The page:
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Hebridean Imaging
Hebridean Imaging

Bonaparte’s Gull

Well i did declare that my new year’s resolution this year was to “bird longer, bird harder” so when i went off on Saturday to help out with the twice a year goose count for the Machair Life+ project i had my eyes peeled for everything not just geese.

It was an amazingly beautiful morning, particularly after all the gales we’d been having. Calm and sunny. A perfect Hebridean winters day.

Bheinn Mor south Uist

Beinn Mhor topped by cloud

I had to cover all the roads and side roads for my section of the goose count – my section being Howbeg in the north down to Bornish and Rubha Ardvule in the south (not including the point at Ardvule). I dropped in at the small bay just before the cemetary at  Ard Michael as there are usually a few birds there. I scanned the beach and the sea and spotted a lone gull swimming about near the edge, picking up titbits from the surface of the water. I automatically thought Black-headed Gull but then thought “no hang on a minute, there haven’t been too many BH Gulls around during the winter” and also Ian keeps drumming it into me that if you see something on it’s own, check it out! I took a better look and noticed the bill was black and that the unmoulted wing feathers looked dark. 1st winter Bonaparte’s? I’d seen plenty in Canada but wasn’t really expecting to see one here, although anythings possible and i knew that Bonaparte’s have turned up in the past. I waited a wee while to see if it would leave the water so that i could get a look at the leg colour or if it would fly. No luck. So i fired off a couple of photos and thought i would have a look at them later on as i’d better get on with counting geese. Later in the evening i’d sent the photo to our friend James asking him if i was being a numpty stringer but his reply was “No numptiness involved this time Yvonne – this is a mo-foing Bonaparte’s!! Well done! It’s hard to tell size but it really does look a step down from BHG and the short, thin black bill, the black on the remiges and the ear spot all say Bonaparte’s“. Erm, thanks James 🙂 Cool! Ian’s still on the mainland and is going to be soooo pissed off 😀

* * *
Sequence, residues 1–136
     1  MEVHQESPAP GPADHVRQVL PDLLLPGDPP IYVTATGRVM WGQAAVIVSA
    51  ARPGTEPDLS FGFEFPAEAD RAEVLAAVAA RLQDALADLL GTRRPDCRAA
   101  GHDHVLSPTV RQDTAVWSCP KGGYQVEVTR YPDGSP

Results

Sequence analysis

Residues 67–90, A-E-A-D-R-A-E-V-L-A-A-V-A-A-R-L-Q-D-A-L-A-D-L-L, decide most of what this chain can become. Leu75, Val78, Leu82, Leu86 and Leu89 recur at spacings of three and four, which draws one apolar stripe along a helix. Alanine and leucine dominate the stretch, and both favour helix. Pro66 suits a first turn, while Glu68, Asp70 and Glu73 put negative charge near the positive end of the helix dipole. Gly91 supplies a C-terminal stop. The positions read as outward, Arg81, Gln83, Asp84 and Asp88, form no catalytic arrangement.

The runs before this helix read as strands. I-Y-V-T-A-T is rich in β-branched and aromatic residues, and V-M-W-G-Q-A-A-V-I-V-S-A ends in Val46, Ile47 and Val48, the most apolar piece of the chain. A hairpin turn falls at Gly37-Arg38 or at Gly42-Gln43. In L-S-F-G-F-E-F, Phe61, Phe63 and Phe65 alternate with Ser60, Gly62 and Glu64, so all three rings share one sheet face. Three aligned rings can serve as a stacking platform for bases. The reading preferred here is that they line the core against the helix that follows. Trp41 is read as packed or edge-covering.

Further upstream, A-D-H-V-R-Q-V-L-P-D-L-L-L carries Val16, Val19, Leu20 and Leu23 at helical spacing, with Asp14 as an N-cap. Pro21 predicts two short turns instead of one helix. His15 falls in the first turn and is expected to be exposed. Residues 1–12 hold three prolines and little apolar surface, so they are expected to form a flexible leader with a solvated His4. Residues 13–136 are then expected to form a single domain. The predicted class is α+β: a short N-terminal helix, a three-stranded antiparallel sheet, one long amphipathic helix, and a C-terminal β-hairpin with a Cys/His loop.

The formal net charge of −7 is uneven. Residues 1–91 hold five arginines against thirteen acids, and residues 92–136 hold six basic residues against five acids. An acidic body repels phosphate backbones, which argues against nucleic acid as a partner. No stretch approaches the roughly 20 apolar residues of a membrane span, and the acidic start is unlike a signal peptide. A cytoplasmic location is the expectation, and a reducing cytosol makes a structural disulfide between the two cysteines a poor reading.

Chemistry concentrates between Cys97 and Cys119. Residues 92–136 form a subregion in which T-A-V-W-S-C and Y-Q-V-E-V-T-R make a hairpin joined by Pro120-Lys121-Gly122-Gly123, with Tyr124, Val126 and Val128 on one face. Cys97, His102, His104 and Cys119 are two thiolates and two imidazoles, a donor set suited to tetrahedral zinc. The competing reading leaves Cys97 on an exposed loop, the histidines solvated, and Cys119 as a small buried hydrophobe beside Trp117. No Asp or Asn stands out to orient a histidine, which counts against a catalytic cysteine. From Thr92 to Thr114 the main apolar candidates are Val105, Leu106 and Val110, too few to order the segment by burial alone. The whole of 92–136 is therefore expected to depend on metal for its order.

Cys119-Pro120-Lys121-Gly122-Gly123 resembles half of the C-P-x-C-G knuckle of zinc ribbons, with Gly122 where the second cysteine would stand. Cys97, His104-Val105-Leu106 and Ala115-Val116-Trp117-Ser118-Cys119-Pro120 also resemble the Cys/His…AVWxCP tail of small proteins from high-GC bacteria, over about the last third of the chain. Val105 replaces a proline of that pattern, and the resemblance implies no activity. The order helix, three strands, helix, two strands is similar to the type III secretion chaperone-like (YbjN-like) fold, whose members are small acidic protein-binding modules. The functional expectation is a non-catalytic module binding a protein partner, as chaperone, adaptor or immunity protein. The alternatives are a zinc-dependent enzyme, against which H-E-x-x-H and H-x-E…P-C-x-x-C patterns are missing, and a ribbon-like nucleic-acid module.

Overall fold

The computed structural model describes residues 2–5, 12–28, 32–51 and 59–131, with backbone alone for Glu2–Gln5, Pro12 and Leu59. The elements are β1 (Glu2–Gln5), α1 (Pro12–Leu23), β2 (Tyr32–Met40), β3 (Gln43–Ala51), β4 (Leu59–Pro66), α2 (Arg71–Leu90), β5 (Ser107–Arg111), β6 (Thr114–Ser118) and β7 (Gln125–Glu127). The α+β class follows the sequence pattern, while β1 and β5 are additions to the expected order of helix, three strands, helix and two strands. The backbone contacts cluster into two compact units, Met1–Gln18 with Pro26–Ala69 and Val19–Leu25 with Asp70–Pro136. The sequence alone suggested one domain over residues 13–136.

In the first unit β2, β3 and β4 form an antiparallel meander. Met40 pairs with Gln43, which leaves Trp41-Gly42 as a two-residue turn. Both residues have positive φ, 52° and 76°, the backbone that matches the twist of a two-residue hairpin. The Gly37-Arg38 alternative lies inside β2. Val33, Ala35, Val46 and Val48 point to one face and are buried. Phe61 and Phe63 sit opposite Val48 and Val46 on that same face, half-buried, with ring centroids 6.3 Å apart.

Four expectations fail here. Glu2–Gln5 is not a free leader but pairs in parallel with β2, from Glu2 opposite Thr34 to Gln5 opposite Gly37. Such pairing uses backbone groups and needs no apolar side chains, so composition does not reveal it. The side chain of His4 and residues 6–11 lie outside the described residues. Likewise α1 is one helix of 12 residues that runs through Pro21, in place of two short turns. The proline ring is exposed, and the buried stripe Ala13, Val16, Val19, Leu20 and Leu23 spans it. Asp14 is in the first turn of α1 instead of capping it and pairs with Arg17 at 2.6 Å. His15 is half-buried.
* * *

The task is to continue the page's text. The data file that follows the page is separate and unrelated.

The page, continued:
Bonaparte's Gull, South Uist

Bonaparte’s Gull. Bit of a crap picture…

So, on with the goose count… Locheynort was looking particularly good, the sea loch like a mirror and there were lots of seals out on the rocks.

Seals, Outer Hebrides

Seals sitting out on the rocks, South Locheynort

Seals, Outer Hebrides

Love the expression on their faces 🙂

Looking across the sea loch to Beinn Mor

Looking across the sea loch to Beinn Mor

Always nice to see Whooper Swans, especially with family. And there were 4 Little Grebes on the tidal area by the bridge on the way down to North Locheynort.

Whooper Swan, South Uist, Outer Hebrides

Whooper Swan family

Two of the four Little Grebe's around this morning

Two of the four Little Grebe’s around this morning

At Bornish machair there were hundreds of birds, mainly Golden Plover, Lapwings and also a flock of around 200 Twite. Wondered if there were any Lap Bunts so scanned carefully around but no luck – they’ve been in a bit short supply this autumn and winter.

Loch Bornish, South Uist

Loch Bornish

spotted near Rubha Ardvule - a Starling with a ring! One of ours?? Who knows?

Spotted near Rubha Ardvule – a Starling with a ring! One of ours?? Who knows?

So, i ended the day with 230 geese counted. A fab morning out in perfect weather although i do have the feeling that it’s the calm before the storm!

 

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